Archive of ‘Reality Bites’ category

The Ties That Bind.

This morning, my great aunt died. She was old, and sick, and had lived a very full life,  so it was not, in and of itself, a great tragedy.

But you know what is?

The fact that I never got to know her. And, because I didn’t know her all that well, can’t fully share in my mother’s grief. And she? Could use some comfort right now.

My mother loved my great aunt. Very much. But my grandmother (her sister) got angry with her over something. Maybe something trivial, maybe something big, no one remembers anymore.

But that anger turned into a grudge.  A grudge so strong that she refused to speak to her. A grudge so enormous that none of us were allowed to speak to her, either.

So my mom was cut off from the people she loved. She wasn’t able to include them in our family events as my brother and I grew up. I remember her only vaguely as a kinder, plumper version of my grandmother. Someone who laughed more frequently, and it seemed, forgave more easily.

And now she’s gone.

My grandmother can’t say she’s sorry, even if she wants to. She can’t get those years back. Can’t regain the love she threw away – the family she tossed aside.

It’s pretty damn stupid.

You only get one family, people. Some of us get good ones, some get shitty ones, but we all only get one.

One set of people that knows our history. Our neuroses. Our joys and half-forgotten pains.

One group that remembers when we still pooped our diapers, and who won’t hold it against us when we’re pooping our diapers again.

My grandmother? She’s 90. That’s pretty awesome.

But with every passing year, she alienates more and more people. Loses more and more friends.  Angers more and more family.

Soon, there won’t be anyone left.

What’s the point of living, if you don’t have anyone to love?

I hope I never find out. I wish no one ever did.

You only get one family. Make the most of it.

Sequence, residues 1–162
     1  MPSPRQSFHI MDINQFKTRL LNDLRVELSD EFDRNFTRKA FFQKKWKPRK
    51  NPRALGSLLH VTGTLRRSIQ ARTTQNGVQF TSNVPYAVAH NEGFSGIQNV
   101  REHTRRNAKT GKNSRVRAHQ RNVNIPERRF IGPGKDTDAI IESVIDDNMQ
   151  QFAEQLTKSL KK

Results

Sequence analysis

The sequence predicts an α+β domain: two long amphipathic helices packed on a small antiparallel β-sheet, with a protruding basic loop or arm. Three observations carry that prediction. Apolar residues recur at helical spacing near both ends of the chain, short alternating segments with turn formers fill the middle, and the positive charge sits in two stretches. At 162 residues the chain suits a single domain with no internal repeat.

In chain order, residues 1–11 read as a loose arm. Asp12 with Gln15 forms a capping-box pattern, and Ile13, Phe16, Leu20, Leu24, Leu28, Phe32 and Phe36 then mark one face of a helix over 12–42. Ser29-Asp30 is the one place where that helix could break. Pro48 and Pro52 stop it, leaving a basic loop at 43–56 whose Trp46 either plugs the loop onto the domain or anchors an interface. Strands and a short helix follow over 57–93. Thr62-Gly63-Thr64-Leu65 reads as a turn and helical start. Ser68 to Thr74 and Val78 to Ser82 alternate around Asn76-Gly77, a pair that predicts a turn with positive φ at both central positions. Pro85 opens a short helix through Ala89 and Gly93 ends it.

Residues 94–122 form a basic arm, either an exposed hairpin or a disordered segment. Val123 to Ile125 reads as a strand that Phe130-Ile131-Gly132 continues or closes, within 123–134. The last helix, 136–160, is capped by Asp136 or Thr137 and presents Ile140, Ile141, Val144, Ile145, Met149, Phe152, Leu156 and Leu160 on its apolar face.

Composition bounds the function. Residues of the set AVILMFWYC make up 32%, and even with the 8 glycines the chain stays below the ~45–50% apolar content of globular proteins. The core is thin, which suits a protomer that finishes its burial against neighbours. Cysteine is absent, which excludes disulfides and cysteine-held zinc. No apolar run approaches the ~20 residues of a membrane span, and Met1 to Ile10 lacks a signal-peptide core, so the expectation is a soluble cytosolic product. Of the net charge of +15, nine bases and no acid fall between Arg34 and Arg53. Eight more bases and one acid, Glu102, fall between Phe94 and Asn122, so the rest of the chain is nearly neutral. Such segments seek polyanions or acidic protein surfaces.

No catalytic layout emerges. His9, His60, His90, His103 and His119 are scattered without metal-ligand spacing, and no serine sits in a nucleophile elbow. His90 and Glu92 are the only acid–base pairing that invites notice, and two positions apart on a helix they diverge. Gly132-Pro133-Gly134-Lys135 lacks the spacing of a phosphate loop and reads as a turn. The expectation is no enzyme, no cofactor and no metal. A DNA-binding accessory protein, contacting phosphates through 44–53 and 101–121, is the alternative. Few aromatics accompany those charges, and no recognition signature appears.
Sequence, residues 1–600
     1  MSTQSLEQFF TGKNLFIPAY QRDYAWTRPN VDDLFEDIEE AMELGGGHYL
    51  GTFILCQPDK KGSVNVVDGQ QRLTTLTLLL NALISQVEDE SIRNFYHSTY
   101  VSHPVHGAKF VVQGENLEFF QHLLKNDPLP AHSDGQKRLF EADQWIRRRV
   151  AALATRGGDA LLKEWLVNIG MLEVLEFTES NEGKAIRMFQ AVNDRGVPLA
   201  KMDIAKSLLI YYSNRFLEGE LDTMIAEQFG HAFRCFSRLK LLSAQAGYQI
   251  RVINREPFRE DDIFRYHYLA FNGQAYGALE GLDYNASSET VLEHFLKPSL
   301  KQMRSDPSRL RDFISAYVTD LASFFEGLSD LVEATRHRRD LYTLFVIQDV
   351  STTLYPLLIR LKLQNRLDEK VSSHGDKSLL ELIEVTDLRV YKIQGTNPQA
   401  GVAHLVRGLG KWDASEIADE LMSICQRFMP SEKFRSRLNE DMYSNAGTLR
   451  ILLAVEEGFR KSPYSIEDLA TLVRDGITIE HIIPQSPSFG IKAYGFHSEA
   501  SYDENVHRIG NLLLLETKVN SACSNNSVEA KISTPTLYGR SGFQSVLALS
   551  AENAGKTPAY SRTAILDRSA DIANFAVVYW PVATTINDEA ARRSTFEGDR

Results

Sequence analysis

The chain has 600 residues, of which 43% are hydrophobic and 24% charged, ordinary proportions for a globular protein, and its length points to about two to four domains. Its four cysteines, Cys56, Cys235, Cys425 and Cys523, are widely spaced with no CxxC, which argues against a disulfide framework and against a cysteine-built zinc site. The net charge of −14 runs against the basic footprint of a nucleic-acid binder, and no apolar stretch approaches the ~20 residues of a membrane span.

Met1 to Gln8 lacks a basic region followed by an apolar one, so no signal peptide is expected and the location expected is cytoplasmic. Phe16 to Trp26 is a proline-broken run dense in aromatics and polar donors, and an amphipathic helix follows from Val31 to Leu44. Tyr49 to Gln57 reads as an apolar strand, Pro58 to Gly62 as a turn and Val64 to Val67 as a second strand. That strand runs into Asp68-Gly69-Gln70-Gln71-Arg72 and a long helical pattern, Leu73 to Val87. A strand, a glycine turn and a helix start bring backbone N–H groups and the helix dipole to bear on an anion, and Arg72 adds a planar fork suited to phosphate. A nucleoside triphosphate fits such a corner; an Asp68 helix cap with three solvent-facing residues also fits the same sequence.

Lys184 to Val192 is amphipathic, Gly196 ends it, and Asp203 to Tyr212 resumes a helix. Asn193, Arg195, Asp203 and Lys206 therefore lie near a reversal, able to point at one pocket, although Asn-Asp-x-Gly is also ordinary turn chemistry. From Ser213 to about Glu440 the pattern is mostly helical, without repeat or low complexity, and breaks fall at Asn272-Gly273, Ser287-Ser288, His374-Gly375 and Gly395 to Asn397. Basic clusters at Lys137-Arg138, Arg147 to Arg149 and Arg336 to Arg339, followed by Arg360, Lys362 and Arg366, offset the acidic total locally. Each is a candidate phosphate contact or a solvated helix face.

Proudly linking up with Pour Your Heart Out at Things I Can’t Say today.

 

 

Mommy’s Intuition is Always Right

Warning: This post is about poop. Lots and lots of poop. If you are uncomfortable listening to poop talk, you should probably click on by.

For the first two and a half years of her life,  my daughter was as regular as clockwork. Seriously. You could set a watch by her bowel movements.

But then something changed. Suddenly, she didn’t want anyone to see her poop anymore. Which meant she sure wasn’t going to poop on the potty, and from all appearances, she decided to hold it all day at school, too.

She became a Poop Hoarder.

Now, Poop Hoarders, they quickly become constipated. And once constipated, they are fed wonderful tasting things like mineral oil to make them poop.

When encouraged to drink beverages tainted with slimy goo (goo that consequently forces them to let go of some of their Hoard), they decide to stop drinking.

Eventually, what you get is a never ending cycle of constipation, then diarrhea. Constipation, then diarrhea. Constipation, then diarrhea. You see where I’m going with this.

That’s where we’ve been with my daughter for the last few months.

Still, I thought it was normal. Everyone assured me this was just a phase a lot of kids go through.

So I ignored the warning bells chiming “ding, ding, Ding, DIng, DINg, DING” in my head.